Skip to main content


Showing posts from May, 2016

The Language of Inclusion

     Greta took a 360-degree survey at the suggestion of her boss.  In an effort to get her to see herself through the eyes of others, she needed to know how she was performing as a leader.  The survey would allow her to compare how she saw herself to how her boss, peers, direct reports, and "others" saw her.  Greta rated herself as open and inclusive.  She felt like she invited people's input and was sociable and encouraged dialogue.  But when she looked at the feedback from her raters, she was shocked by what she saw.      Her direct reports saw her as anything but inclusive.  They rated her low in areas like "being open to input, showing diplomacy" and "creating a positive environment".  Greta thought she was doing a great job in making her team feel like she valued them and their opinions.  She had no idea other people didn't see her the same way.  She wanted to talk to her team and find out why this was the first indication she was re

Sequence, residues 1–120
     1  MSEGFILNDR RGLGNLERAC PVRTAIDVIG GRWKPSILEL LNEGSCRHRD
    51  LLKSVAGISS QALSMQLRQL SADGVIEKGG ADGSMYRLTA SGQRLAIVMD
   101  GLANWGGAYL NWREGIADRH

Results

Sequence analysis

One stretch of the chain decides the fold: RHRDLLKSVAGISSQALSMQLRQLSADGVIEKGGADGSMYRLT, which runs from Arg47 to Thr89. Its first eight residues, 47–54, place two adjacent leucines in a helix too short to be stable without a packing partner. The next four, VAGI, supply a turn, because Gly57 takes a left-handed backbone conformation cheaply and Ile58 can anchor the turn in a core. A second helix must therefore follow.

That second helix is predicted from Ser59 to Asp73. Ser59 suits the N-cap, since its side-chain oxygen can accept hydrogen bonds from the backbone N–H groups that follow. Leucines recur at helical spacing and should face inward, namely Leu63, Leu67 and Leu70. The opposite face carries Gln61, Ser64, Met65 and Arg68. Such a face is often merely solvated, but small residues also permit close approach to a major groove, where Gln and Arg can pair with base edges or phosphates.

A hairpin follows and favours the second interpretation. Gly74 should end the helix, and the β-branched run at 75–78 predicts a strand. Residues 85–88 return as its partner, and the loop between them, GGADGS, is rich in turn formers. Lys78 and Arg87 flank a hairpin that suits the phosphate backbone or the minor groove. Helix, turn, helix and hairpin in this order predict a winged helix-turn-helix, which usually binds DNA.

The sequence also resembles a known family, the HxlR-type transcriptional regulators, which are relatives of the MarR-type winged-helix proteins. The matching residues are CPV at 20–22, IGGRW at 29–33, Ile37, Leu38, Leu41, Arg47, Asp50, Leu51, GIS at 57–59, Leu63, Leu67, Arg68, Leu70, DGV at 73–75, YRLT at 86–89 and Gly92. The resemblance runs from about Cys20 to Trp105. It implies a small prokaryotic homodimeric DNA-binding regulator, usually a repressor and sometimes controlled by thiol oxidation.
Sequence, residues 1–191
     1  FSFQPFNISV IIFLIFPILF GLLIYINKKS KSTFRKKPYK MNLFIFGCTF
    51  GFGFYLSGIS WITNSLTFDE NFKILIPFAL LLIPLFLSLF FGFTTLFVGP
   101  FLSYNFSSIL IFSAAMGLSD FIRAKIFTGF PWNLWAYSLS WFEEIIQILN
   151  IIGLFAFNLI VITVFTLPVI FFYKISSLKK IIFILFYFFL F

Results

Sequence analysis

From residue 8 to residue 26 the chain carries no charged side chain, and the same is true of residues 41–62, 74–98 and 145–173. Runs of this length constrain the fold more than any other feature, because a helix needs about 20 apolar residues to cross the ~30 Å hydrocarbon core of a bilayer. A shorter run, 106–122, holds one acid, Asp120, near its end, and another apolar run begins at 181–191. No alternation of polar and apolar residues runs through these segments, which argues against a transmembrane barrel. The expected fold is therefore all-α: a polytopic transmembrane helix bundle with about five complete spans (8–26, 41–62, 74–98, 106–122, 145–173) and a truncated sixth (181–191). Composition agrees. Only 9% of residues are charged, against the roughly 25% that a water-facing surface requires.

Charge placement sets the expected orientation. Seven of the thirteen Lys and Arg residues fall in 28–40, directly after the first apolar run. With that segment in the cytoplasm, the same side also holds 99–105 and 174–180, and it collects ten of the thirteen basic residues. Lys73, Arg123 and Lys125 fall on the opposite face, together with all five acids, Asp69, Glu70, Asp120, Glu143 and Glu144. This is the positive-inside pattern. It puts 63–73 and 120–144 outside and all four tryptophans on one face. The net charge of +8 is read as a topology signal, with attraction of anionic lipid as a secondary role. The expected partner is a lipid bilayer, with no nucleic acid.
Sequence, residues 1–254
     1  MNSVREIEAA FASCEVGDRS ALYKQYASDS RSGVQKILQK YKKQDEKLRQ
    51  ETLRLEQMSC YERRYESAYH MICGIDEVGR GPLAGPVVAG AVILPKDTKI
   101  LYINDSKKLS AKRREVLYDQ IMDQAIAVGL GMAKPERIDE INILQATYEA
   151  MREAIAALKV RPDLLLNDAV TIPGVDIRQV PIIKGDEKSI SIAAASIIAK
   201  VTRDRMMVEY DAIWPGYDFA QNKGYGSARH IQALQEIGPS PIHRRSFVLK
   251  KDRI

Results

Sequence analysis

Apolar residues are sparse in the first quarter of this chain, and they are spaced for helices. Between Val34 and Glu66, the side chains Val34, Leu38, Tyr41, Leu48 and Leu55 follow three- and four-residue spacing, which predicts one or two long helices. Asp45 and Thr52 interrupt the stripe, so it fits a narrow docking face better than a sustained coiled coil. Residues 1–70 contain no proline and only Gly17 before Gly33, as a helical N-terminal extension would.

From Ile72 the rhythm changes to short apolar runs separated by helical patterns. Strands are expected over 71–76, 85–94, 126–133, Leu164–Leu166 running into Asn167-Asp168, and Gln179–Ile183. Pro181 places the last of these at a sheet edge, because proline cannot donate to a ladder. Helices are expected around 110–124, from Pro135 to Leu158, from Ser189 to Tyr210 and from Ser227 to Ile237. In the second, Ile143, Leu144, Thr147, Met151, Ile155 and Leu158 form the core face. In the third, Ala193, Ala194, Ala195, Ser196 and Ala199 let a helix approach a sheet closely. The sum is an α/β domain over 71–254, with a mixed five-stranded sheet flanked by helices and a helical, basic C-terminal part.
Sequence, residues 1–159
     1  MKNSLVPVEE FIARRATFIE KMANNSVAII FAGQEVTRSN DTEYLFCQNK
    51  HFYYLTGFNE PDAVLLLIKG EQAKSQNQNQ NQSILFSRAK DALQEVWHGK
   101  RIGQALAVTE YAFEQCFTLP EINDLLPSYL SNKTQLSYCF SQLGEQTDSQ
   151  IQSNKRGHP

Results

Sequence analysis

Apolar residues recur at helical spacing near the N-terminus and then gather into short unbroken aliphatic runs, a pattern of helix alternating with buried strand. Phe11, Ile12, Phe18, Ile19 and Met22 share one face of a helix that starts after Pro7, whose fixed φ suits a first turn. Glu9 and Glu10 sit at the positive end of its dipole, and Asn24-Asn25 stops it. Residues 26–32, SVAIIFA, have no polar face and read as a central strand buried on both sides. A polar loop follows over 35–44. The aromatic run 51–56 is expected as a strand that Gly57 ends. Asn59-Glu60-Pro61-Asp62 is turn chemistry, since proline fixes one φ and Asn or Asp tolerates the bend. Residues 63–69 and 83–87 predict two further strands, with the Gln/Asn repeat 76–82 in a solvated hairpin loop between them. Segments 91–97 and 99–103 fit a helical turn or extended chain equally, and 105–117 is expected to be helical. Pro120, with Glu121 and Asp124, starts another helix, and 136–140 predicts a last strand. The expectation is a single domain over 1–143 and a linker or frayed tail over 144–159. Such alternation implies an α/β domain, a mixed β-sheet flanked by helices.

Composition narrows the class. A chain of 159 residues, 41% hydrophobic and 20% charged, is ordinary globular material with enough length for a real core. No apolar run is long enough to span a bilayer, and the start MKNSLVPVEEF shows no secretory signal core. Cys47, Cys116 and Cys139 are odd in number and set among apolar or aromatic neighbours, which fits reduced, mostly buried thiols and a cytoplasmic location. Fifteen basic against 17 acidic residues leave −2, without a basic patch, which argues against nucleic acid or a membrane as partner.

Taking the Sting Out of Emails

     One of the biggest challenges with writing emails is getting to the point without offending someone.  I dare to guess that millions of times a day somebody is misinterpreting the tone of an email and taking what is "said" personally.  We all know that emails lack inflection and visual acuity so it is easy for someone to perceive what was intended in the wrong way.  Without the benefit of hearing a person's voice inflection and seeing their facial expressions, words can often come across harsh and insensitive when written in haste or without much context to support the message.  This is probably one of the most widely known pitfalls about emails but the least considered when a person receives an email they don't like.  We don't often say, "Maybe the sender didn't mean it this way so I shouldn't take it personal."  We're more likely to take the message at face value and balk at its tone.      There are three things to remember about em